Sickened, he turned back to Cole. The general had a gash on his forehead; otherwise, he appeared unharmed. Anthony helped him to the periphery of the field where a crumbling stone wall provided temporary shelter from the enemy's artillery.

Sir Lowry pulled a lace-edged handkerchief from his pocket and mopped his brow. “Well done, Grenville. I owe you my life.”

“I'll settle for a word with you, sir.”

“You have my attention, Captain.”

Anthony braced himself. What he was about to suggest was tantamount to inviting a court-martial.

“Sir, it is my belief that we shall all be dead men ere nightfall if we remain here as fodder for Soult's powder.”

“Our orders are to hold and let Soult make the first move.” Cole's face was set in stubborn lines, but his eyes mirrored his uncertainty.

“With all due respect, sir, I believe that to follow those orders is suicide. If Soult manages to hold on to the right much longer, it's only a matter of time before he cuts us off from the roads to both Badajoz and Valverde.”

“You've a keen eye, Grenville, and a keen mind along with it.” Cole's expression was world-weary. “What do you propose?”

“A counterattack to drive them back over the river. 'Tis a risk, to be sure, but if we fail at least we die fighting like men.”

Cole hesitated. “Very well, spread the word among the other company commanders. I'll give the order to move out as soon as they have their men in position.”

The next hours sped by like the whizzing artillery. Reality transmuted to the pelting rain, the metallic tang of blood, and the blinding haze of gunpowder. Anthony tried to keep an eye on Peter, fighting nearby. His friend was peerless with a rifle but his swordsmanship left much to be desired, and he had a bad habit of forgetting to watch his back. An expert swordsman, Anthony covered him as best he could, although his own sword arm was cramping dangerously.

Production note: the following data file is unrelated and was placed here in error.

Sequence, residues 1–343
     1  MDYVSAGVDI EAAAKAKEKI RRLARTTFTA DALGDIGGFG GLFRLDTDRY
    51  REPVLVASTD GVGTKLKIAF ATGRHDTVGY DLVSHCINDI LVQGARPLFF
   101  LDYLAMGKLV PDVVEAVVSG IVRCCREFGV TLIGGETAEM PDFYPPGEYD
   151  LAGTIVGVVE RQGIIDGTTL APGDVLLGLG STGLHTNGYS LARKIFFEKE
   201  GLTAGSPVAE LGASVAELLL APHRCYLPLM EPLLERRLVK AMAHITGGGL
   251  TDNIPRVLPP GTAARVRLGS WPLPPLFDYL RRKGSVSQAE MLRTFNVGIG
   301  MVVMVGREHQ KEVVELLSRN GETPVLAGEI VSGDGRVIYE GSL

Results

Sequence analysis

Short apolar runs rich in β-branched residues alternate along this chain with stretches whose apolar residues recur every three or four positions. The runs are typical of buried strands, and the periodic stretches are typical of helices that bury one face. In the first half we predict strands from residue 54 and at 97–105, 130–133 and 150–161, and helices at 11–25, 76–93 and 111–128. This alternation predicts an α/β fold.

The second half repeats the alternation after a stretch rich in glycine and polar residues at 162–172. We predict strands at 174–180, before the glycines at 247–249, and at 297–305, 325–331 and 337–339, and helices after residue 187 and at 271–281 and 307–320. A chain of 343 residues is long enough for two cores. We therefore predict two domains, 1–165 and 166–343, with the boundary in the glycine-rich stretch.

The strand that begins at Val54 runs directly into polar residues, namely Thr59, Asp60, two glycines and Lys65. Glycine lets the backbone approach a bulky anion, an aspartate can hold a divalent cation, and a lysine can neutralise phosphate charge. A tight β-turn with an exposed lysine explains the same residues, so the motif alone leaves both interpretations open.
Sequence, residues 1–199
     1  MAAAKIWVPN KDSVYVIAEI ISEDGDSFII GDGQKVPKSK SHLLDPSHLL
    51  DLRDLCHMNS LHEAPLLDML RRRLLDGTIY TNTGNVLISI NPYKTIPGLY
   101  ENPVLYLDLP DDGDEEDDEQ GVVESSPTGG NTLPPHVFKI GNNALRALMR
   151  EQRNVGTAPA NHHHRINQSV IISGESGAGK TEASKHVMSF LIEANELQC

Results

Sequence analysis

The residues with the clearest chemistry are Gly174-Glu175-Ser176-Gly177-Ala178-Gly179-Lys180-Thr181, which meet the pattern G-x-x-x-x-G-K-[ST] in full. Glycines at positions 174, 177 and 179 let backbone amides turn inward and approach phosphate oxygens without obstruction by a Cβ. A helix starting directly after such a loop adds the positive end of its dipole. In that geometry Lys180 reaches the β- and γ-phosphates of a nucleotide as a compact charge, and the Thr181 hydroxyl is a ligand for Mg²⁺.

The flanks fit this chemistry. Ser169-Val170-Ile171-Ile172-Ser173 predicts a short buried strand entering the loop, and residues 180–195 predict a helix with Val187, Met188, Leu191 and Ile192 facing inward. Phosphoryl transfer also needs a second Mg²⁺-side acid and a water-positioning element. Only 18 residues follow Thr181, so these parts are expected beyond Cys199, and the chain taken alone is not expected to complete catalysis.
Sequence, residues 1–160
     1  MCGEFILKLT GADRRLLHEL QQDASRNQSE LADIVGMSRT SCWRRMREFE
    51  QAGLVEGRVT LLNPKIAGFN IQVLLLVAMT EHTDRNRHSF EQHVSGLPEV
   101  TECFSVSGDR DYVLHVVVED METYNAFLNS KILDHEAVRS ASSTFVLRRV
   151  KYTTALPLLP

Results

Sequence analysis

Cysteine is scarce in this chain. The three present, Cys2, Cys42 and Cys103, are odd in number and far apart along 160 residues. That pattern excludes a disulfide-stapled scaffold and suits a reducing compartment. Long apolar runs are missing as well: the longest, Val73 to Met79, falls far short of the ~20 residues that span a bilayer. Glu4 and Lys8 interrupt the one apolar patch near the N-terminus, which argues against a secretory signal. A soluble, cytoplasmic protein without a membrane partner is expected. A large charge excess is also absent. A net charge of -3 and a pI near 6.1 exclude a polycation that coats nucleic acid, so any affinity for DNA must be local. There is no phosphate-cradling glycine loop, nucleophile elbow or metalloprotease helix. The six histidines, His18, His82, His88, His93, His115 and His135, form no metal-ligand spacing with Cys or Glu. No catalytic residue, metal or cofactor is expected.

He'd just gutted a French fusilier when a sudden burning sensation scored his bicep. At first he thought he was having a muscle spasm, and then he looked down. Wetness seeped through the powder burn below his shoulder. The blood turned the green fabric a muddy brown but, despite the liberal flow, the bullet had missed the bone and made a clean pass through the sinew. He was about to give thanks for his narrow escape when a second shot struck him above the right knee, knocking him off his feet. He landed facedown on the sodden ground less than a foot away from the slain Frenchman. Fighting nausea, he dragged himself up on his elbows, the grass beneath him slick with blood. His blood. He thought of the truncated limbs he'd seen stacked outside surgeons' tents, and fear clawed his insides. He closed his mind to the image and forced himself to concentrate on how to avoid being trampled.

The closest cover was a pigsty nearly a yard away. White-hot lightning streaked down his injured leg, and his arm burned as though someone held a brazier to it, but he had to try. Gritting his teeth, he dragged himself toward the wooden enclosure, his progress measured in inches and sweat streaming his face. He gave a cheerless laugh. Crawling on his belly in the mud hardly
seemed in keeping with the dignity of a future earl, but life, even the prospect of life as a one-legged cripple, suddenly seemed very precious.

He was halfway to the sty when horse's hooves thundered toward him. He looked up. The French cuirassier charged, the braided horsehair queue of his helmet lashing the air. From several yards away, Anthony could see the bloodlust blazing from the cavalryman's eyes.

One last, longing glance at the pen. Not a prayer of reaching it in time.

Not a prayer.

Dear God, I don't want to die. Not here. Not now. Not like this.

Saber raised, the cuirassier whooped his triumph. Anthony slumped to the ground. A few paces away, a horse reared, and then shrieked. Curses in French, then a man's scream melding with a sickening thud.

Anthony felt the rumble in the soaked soil pressed beneath his cheek. The coarse brown grass was a far cry from the verdant meadowlands of England, but with a little imagination…

I hope you're a skillful swordsman, Frenchman.

Anthony closed his eyes and waited for blackness to overtake him.

Chapter One

Upper Uckfield, a hamlet in Sussex, England: September 1, 1812

Robert, kidnapped!